Volume LVMay 2008Number 2

Cabalistic Freemasonry and Stuart Culture
By Marsha Keith Schuchard Reviewed by Charles S. Canning, Academy of Masonic Knowledge

This text is a study of 17th century Scotland and the interaction of cultural, religious and political viewpoints that influenced the building trades in England and Scotland. One has to be impressed with the size of the volume and its academic standing. The author received her Ph.D. in 1975 with a dissertation on Freemasonry, Secret Societies and the Continuity of the Occult Traditions in British Literature.

The author's access to the Grand Lodge libraries of Britain, Europe and recently retrieved documents from Nazi-confiscated Masonic material, now in the Grand Lodge Library of Holland, provides a new viewpoint on Freemasons. She notes how Masonic history has been misled by an Anglo-centrism and anti-Stuart bias that ignored or minimized the Scottish, Irish and Catholic traditions of Freemasonry. Freemasonry of 1717, she notes, served the causes of "Modern" Hanoverian Masonry. It was, however, the "Ancient" Stuart system of Masonry that fascinated Swedenborg, and other literary figures, that was driven underground at the close of the 17th century.

The author emphasizes that the "great stumbling block" to research on pre-1717 British Freemasonry was Anderson's Constitutions of Freemasonry, which, she states, distorted history. Schuchard presents a very detailed history of Scottish Masonry. The text begins at the time of Solomon's Temple and traces esoteric Masonry from Jewish and Arab mysticism and the Neo-Pythagorean fraternities in Alexandria, providing an architectural background that consisted of mystical mathematics, magical letters and architectural visioning. This esoteric instruction gave stonemasons the ability to "see" the wisdom of God in their construction. Today, we find this symbolism of "living stones" in our own ritual.

The author traces the mystical schools of Jewish architecture and their influence through Spain and then southern Europe. By the 16th century, we find this influence in operative Scottish masonry, with a tradition in Egyptian-Hebraic antecedents. In the 17th century, Scotland's King James VI became the English King James I, who had a Masonic vision of a peaceful world with a rebuilt "Jerusalem" demonstrated through Scottish Masonic architecture. The text gives a detailed account of 17th century Scottish history as it relates to Freemasonry and national architecture in England and Scotland.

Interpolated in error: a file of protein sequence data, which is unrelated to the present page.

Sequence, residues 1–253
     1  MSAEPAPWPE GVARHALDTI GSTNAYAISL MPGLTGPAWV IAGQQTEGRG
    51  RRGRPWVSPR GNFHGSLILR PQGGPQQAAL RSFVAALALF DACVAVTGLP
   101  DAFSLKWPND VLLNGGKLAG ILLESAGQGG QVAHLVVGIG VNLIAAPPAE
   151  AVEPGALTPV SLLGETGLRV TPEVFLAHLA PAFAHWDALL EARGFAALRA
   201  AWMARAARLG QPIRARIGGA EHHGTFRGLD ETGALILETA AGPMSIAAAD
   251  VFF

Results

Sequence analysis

The text is an exceptional resource for reference by serious Masonic scholars. It is replete with references to occult scholars, famous contributors to the sciences and titles of esoteric texts and manuscripts. Each of the 12 chapters contains literally hundreds of footnotes and Schuchard's bibliography covers 30 pages and more than 900 listings. The text was fascinating in providing a well-documented addition to our perspective of Freemasonry. This was a text one could not "skim," for each detail needed to be read in the context of the developing thesis. While I enjoyed the laborious read, with reference to a plethora of esoteric elements, cabala, Hermeticism, Rosicrucianism, "second sight," and art of memory, the text did not project a clarification of their practice and application in Freemasonry, nor examples of its presence in contemporary ritual. The text reviews the rebellions, conflicts, executions and expulsions in Stuart history and finally the Masonic "diaspora" at the opening of the 18th century. "Modern" Hanoverian Masonry was made public in 1717 and the "Ancient" Scottish oriented Masonry was established in 1751, which generated the "mystical elevation of ordinary men to brotherhood with kings," and was the origin of Pennsylvania Ancient York Rite Masonry in the 1760s.

Schuchard concludes, "when Mozart portrayed a chorus of Egyptian priests who escort the initiate into the Masonic Temple of Wisdom, and when Washington imported Scottish stonemasons to construct the American Capitol as a Temple of Liberty, they bore the fruits of a Masonic tree planted long ago in the stony soil of Israel and Scotland."

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